(Written on 11th May)
In a dramatic evening, Gordon Brown resigned as British Prime Minister and, with immediate effect, as Leader of the Labour Party. He is returning to private life after a lifetime of service to the Labour Party. Harriet Harman will succeed him as Acting Leader of the Labour Party.
David Cameron became the youngest Prime Minister since Lord Liverpool in 1812. He is to lead a full coalition Government with the Liberal Democrats whose leader, Nick Clegg, becomes Deputy Prime Minister. The two parties have agreed to a set of policy initiatives and to a five year term. Four other cabinet positions will also go to the Liberal Democrats. George Osborne (Conservative) becomes Chancellor – he will introduce an emergency budget within one month. William Hague (Conservative) becomes Foreign Secretary and Vince Cable (Liberal) becomes Business Secretary, replacing Lord Mandelson.
The transfer of power took less than an hour and a half, including the time taken for Gordon Brown and David Cameron to visit with the Queen and kiss hands.
These are radical developments for Britain, which has not had a coalition government of substance since the second world war. Both Cameron and Clegg are positioning this as a new form of government, part of the change they wish to see in British politics. Reform of the voting system may make such arrangements more permanent.
The new Government has a lot to do. Britain has a structural deficit of £119 billion and an actual deficit of £163 billion – 11% of GDP. The famous Brown formulae targeted deficits at no more than 4% of GDP. The agreed policy program sees no significant tax changes or increases, but substantial cuts in public service. It also sees tougher bank regulation, with more power to the Bank of England, and a bank windfall charge.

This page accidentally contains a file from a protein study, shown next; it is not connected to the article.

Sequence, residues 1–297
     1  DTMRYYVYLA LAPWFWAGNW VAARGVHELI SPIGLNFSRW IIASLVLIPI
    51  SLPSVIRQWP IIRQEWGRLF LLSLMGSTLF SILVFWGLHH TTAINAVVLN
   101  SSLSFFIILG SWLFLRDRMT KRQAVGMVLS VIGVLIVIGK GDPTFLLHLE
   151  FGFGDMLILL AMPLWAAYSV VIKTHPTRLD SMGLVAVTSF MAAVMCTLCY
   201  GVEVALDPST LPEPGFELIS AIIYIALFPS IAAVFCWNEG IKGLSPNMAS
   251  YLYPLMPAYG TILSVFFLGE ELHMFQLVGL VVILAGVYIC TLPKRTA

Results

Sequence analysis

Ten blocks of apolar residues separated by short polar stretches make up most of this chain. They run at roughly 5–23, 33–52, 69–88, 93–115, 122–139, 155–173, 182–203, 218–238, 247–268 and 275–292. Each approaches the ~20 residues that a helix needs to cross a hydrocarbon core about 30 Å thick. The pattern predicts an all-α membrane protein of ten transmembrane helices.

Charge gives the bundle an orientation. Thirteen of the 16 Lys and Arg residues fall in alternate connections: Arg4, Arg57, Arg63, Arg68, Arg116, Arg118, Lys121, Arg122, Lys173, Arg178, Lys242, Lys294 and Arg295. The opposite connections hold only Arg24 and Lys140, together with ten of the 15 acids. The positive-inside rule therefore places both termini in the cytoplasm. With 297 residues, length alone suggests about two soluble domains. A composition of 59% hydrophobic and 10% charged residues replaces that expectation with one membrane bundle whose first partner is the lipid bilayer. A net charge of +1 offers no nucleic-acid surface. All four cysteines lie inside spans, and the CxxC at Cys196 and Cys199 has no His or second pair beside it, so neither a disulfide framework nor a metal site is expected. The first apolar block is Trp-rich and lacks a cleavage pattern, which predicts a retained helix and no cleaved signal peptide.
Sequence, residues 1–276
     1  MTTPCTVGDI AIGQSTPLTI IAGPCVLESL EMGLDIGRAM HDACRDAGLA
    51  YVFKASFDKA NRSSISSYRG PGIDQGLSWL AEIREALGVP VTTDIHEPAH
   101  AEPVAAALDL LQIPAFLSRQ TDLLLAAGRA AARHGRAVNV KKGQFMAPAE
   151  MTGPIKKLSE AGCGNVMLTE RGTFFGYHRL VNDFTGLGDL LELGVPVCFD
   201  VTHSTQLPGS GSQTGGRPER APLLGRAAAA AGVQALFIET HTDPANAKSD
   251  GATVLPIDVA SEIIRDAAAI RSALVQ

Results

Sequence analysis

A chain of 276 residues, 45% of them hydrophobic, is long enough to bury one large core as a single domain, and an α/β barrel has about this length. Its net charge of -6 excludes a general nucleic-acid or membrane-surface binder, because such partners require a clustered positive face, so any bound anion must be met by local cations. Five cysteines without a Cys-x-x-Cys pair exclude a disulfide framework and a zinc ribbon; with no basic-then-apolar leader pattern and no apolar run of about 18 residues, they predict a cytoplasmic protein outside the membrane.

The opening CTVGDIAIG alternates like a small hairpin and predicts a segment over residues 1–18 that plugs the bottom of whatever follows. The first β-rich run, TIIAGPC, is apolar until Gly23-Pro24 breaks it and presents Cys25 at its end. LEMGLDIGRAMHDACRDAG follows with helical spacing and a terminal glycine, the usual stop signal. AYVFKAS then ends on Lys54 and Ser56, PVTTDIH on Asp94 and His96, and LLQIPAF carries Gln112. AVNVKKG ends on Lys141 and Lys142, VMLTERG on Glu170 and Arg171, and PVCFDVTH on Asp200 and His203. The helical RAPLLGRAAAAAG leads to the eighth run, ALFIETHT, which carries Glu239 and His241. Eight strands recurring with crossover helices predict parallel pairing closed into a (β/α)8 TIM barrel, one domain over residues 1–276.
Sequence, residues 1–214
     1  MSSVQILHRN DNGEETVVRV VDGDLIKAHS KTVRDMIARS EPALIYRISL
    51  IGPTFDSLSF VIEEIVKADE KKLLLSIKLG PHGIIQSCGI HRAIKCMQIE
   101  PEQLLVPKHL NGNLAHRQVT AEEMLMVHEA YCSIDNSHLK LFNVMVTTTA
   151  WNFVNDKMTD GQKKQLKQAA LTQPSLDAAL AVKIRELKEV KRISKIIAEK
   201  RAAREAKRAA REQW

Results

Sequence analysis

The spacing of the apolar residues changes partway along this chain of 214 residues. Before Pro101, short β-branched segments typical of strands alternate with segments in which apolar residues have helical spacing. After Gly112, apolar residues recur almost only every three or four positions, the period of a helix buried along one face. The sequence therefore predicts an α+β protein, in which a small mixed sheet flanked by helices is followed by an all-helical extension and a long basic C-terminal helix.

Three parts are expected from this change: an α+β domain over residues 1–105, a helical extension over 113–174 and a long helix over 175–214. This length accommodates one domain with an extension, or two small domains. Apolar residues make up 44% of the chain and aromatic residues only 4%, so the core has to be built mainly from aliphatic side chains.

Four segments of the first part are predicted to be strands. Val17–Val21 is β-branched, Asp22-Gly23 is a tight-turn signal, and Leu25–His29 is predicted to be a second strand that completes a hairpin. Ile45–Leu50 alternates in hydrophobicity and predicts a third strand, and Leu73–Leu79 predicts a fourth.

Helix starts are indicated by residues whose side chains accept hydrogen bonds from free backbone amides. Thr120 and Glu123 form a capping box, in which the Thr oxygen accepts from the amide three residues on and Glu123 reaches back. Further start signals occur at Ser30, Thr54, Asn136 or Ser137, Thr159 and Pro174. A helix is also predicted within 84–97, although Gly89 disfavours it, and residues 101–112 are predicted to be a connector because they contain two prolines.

We will see how long this coalition actually lasts. On paper, there is an agreement to deal with immediate issues and core policy issues, but five years is a long time. All appear committed to making this work, but there is no experience or history of peacetime coalitions between opposing parties working in Britain. The two leaders, who have very similar backgrounds, may get on well together, but the draconian policies they will have to pursue to rebalance Britain’s economy and roll back the nanny state are so substantial that tensions within and between the parties will emerge quickly. It will be a real test of leadership to hold the coalition together and sustain the support of the political parties who have enjoined.
Last Thursday the people spoke and the politicians have now answered. Let us hope the answer is the response the people expected.